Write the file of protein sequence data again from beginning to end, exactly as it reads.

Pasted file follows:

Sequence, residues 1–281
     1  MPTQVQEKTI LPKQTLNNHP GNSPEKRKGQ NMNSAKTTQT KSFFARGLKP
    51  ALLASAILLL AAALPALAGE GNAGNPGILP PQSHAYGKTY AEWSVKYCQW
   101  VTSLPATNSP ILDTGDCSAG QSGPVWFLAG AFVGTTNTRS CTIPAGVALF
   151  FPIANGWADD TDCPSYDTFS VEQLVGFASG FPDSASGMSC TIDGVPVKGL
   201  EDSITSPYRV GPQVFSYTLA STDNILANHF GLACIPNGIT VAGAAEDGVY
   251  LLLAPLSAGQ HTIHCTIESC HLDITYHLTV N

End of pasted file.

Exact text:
Sequence, residues 1–281
     1  MPTQVQEKTI LPKQTLNNHP GNSPEKRKGQ NMNSAKTTQT KSFFARGLKP
    51  ALLASAILLL AAALPALAGE GNAGNPGILP PQSHAYGKTY AEWSVKYCQW
   101  VTSLPATNSP ILDTGDCSAG QSGPVWFLAG AFVGTTNTRS CTIPAGVALF
   151  FPIANGWADD TDCPSYDTFS VEQLVGFASG FPDSASGMSC TIDGVPVKGL
   201  EDSITSPYRV GPQVFSYTLA STDNILANHF GLACIPNGIT VAGAAEDGVY
   251  LLLAPLSAGQ HTIHCTIESC HLDITYHLTV N